Are there certain types that get along better or form more stable relationships?
As you can imagine, this is one of the hot topics on personality type forums. I've read scholars who say opposites attract (INFJ and ESTP, for example). Others say that people with similar temperaments make the best matches. And some even cite studies that the most frequent marriages are between Artisans and Guardians or Rationals and Idealists (these are Keirsey's terms, I'll explain them in the next post). But-- I believe that two people of any type can work well together. They simply need to understand and accept their differences. I found a book (Just Your Type, by Paul Tieger and Barbara Barron-Tieger) that pairs each type with the others and gives pointers on the "joys" and "frustrations" of each match as well as "how to reach your (insert personality type) partner."

If anyone has specific questions about your type, please email me at aineevans@yahoo.com. I'm not an expert by any stretch of the imagination, but I do have books that may prove helpful.

I'll leave you with some type humor (source: Doug Bates.) Isn't there always some truth in humor?

Illusions of the Unhealthy XXXX

ESTP - "I'm a stud and the world revolves around me"
ISTP - "I can make anything work"
ENTP - "I can come up with a solution for anything"
INTP - "I'm brilliant and you'd better bow to my genius"
ESTJ - "I am in control"
ISTJ - "I do everything right"
ENTJ - "I am all-powerful"
INTJ - "I am all-knowing"
ESFP - "I am the most glamorous"
ISFP - "Nobody has better taste than I do"
ENFP - "I have the most enthusiasm"
INFP - "I have the most sensitive conscience"
ESFJ - "Everyone likes me and wants to be like me"
ISFJ - "Nobody can get along without me"
ENFJ - "I can teach anyone anything"
INFJ - "I have the best intentions"


ESTJ Be back next year with flowers!
ISTJ Forever on time
ESFJ Arranged my own funeral
ISFJ Wish I could still help
ESTP Well, *this* is boring
ISTP Build a better coffin
ESFP Where did everybody go?
ISFP Smell a flower for me
ENTJ Whoever did this, I'll get you one day
INTJ *Now* try telling me what to do!
ENTP Death is being out of options
INTP Talk about "analysis paralysis"
ENFJ Another opportunity for learning
INFJ The ultimate clarity
ENFP Catch you on the flip side
INFP Eternal harmony

(on to part 4)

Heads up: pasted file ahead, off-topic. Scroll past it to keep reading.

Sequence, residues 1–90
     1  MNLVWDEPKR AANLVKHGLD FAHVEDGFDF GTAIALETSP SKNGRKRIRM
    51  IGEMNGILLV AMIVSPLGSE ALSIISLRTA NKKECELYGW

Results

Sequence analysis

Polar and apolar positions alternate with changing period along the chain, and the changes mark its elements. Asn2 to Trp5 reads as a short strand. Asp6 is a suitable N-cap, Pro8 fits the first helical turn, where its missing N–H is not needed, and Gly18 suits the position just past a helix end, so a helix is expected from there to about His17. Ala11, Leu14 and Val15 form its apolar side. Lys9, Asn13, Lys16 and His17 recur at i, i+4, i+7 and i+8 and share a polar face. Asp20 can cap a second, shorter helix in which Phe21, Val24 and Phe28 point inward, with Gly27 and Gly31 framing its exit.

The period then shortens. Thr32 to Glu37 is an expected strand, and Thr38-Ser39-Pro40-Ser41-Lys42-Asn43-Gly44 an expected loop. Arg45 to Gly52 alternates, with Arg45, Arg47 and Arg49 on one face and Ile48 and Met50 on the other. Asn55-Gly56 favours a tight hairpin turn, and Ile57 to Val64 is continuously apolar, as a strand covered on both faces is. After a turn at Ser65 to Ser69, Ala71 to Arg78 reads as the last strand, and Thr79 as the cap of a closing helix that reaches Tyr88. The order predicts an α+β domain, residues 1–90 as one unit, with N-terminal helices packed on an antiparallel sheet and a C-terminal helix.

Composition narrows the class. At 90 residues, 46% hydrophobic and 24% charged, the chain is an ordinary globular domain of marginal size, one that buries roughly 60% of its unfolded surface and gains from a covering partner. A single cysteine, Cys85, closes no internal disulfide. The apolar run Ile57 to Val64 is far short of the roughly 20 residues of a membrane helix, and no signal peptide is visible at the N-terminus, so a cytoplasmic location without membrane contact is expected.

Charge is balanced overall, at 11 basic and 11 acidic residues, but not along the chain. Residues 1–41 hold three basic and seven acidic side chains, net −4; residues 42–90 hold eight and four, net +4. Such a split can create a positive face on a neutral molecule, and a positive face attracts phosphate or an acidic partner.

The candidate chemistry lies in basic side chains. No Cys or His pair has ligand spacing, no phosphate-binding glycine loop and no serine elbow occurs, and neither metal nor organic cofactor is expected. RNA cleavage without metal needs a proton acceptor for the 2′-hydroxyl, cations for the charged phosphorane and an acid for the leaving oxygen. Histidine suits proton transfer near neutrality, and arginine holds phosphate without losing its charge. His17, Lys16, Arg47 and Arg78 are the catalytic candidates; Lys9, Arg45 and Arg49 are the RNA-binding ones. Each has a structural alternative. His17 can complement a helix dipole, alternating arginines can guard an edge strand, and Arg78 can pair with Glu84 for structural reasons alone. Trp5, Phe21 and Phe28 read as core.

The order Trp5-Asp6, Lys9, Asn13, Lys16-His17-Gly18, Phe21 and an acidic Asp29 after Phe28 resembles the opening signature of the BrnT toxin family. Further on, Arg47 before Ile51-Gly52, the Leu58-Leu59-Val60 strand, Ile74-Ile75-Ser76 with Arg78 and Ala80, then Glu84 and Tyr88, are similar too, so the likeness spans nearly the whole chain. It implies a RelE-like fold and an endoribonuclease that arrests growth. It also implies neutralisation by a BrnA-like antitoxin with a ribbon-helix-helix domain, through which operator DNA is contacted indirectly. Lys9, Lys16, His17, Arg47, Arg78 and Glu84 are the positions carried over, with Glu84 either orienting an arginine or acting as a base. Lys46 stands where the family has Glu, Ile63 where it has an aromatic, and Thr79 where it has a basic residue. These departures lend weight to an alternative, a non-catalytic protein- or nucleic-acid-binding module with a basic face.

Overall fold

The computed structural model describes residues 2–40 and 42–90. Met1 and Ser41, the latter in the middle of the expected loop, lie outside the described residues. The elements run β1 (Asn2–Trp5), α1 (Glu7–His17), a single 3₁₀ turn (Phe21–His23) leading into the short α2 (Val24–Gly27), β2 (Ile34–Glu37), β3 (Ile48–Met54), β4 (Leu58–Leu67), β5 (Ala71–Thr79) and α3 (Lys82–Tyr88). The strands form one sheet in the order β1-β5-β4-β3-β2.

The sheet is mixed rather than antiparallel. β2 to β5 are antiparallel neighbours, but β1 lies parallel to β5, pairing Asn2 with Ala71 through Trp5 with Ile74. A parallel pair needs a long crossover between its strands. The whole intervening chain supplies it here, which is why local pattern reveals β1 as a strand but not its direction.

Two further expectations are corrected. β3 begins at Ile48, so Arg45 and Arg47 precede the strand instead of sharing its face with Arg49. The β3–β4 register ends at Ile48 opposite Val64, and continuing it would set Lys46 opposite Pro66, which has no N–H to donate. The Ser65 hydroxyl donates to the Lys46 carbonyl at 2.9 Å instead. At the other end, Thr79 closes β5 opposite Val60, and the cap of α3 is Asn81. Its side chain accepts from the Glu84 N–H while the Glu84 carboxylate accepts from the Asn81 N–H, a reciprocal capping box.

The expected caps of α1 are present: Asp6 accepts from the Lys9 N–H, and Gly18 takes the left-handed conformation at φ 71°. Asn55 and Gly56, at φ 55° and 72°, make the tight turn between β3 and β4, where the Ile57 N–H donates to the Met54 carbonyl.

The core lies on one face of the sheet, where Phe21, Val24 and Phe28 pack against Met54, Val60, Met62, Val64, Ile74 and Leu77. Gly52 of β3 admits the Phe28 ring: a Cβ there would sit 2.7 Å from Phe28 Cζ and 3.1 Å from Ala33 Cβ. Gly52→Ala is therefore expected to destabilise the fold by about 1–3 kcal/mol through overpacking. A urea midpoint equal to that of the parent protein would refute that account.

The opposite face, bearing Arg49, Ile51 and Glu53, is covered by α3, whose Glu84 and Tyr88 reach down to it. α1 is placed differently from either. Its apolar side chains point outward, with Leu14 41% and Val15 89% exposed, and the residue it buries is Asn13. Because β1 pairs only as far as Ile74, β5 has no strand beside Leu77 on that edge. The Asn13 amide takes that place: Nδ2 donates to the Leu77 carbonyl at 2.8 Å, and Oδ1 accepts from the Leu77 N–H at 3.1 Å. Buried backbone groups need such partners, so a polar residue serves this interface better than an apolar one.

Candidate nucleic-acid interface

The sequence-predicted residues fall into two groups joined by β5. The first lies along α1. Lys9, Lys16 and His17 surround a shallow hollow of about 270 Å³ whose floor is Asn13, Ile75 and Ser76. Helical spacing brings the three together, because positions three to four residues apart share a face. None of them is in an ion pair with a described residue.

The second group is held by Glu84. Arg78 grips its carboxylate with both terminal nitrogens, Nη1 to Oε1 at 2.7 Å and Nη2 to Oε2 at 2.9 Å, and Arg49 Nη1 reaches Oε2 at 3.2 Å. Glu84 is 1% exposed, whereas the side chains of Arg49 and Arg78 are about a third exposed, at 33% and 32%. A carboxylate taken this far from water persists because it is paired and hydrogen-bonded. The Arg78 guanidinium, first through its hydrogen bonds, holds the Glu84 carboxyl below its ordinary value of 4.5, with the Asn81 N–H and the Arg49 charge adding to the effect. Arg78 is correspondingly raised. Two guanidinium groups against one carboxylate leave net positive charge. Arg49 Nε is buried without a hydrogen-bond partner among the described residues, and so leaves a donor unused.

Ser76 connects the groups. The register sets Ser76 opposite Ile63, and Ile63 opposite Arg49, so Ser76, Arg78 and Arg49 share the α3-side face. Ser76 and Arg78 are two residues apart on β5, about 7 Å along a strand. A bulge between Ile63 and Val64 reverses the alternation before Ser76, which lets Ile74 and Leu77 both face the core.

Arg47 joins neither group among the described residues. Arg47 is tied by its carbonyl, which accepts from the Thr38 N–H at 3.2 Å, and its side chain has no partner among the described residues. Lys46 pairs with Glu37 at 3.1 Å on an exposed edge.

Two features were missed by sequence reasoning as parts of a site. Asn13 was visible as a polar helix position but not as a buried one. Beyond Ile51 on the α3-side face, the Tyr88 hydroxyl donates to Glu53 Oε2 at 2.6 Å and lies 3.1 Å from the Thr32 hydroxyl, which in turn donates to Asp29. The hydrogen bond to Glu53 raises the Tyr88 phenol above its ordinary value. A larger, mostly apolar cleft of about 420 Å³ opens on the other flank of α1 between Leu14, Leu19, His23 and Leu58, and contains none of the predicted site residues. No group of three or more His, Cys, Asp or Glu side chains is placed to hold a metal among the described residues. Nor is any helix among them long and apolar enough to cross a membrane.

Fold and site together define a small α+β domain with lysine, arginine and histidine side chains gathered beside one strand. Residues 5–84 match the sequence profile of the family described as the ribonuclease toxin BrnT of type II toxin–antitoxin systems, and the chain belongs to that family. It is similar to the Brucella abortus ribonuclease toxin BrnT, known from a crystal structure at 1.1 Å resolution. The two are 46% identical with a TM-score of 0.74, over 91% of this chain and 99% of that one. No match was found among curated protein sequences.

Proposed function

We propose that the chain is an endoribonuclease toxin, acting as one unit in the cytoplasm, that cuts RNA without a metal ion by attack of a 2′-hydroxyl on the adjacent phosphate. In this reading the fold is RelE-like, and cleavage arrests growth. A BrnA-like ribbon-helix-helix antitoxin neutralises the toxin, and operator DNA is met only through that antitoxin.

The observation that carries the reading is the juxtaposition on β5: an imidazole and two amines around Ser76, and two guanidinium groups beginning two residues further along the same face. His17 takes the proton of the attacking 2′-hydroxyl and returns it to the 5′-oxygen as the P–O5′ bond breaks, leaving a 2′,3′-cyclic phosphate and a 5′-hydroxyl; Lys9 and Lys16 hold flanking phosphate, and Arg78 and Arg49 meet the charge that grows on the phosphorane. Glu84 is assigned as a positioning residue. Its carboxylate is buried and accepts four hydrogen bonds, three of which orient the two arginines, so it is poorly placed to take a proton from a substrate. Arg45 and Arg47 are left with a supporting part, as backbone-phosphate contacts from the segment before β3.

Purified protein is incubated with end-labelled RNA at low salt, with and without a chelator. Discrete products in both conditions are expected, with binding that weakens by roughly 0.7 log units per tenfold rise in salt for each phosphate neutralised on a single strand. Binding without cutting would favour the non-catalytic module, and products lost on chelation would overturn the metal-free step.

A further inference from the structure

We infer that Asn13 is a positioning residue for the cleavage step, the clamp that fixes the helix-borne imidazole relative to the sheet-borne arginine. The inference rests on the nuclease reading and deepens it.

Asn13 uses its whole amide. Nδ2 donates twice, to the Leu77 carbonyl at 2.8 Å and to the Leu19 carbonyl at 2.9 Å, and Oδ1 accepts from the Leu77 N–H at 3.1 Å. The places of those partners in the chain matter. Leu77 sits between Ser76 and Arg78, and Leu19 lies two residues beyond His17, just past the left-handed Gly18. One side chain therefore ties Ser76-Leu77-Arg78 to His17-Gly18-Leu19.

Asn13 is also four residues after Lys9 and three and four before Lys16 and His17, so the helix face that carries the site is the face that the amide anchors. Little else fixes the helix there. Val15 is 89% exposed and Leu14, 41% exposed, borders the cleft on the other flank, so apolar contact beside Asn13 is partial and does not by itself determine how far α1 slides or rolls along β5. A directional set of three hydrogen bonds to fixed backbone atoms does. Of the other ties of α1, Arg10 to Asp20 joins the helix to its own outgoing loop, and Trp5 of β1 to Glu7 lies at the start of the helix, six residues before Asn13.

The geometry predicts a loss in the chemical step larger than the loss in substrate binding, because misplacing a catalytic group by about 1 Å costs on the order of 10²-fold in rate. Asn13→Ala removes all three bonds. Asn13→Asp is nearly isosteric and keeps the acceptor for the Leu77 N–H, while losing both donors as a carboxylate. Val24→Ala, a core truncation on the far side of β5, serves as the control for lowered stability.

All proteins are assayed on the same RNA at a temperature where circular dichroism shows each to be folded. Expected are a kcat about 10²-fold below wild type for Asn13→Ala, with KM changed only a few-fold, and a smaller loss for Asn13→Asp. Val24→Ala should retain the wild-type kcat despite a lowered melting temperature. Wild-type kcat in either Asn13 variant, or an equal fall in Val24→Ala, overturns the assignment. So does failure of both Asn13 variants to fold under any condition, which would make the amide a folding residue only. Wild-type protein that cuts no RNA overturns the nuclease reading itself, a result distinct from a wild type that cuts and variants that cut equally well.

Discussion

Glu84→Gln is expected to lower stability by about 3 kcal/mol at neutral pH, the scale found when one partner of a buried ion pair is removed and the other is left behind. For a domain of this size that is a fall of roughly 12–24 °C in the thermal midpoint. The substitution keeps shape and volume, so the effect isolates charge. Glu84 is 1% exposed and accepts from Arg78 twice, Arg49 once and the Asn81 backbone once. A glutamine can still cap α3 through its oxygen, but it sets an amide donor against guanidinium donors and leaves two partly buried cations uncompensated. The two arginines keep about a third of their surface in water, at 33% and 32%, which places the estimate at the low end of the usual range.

(back to part 2)

Wednesday, September 10, 2008

Personality Talk, part 2

So many of you responded positively to part 1 (thank you!) that I couldn't put off part 2 any longer. As promised, let's explore what personality type each of us is. First, the theory in a nutshell. If you're not the type (pun intended) that gets into theory discussions, scroll down to the links for online tests. I'm focusing my discussion on the most widely used theory-- the Myers-Briggs Types.

Carl Jung developed a personality typology to classify the way people deal with the world. He first defined the distinction between introversion and extraversion. Then he theorized that there are four functions or ways to process our world: sensing, intuiting, feeling, and thinking. We all can use these "tools", but we tend to prefer one or two over the others.

In 1962, Katharine Briggs and her daughter Isabel Briggs Myers developed the Myers-Briggs Type Indicator (MBTI) based on Jung's typology. They placed Jung's four functions into two dichotomies: sensing vs. intuiting and feeling vs. thinking, included Jung's introversion vs. extraversion observation, and they added a new dichotomy: judging vs. perceiving. Each function is represented by a letter.

introversion(I) vs. extraversion (E) : preference for how and where you get your energy

These functions refer to the way a person is energized. An Extravert draws energy from outside themselves, from people, activities, and things. They tend to be action-oriented and their energy declines when they are inactive. An Introvert draws energy from an inner world of ideas, emotions, and impressions. They tend to be thought-oriented and need time to reflect to renew their energy.

intuiting (N) vs. sensing (S) : preference for what you pay attention to when you are gathering information

These are the information gathering functions. A person who prefers Sensing focuses on what actually exists, paying attention to their five senses. They like concrete facts and details, and find meaning in the data. A person who prefers iNtuiting gathers information from internal sources such as insights or a sixth sense, and they focus on future possibilities. They like information that is abstract or theoretical. And they derive meaning from how information relates to a pattern or theory.

feeling (F) vs. thinking (T) : preference for what system you use to make decisions

The decision-making functions are both used to make rational decisions based on information gathered in their preferred way (iNtuiting or Sensing). Those who prefer Thinking use a logical, objective approach. They decide things from a detached viewpoint, using reason, logic, and sets of rules. A person who prefers the Feeling function makes decisions based on emotions and value systems. They make associations, consider the needs of others, and empathize with a situation to achieve balance, harmony, and consensus.

judging (J) vs. perceiving (P) : preference for lifestyle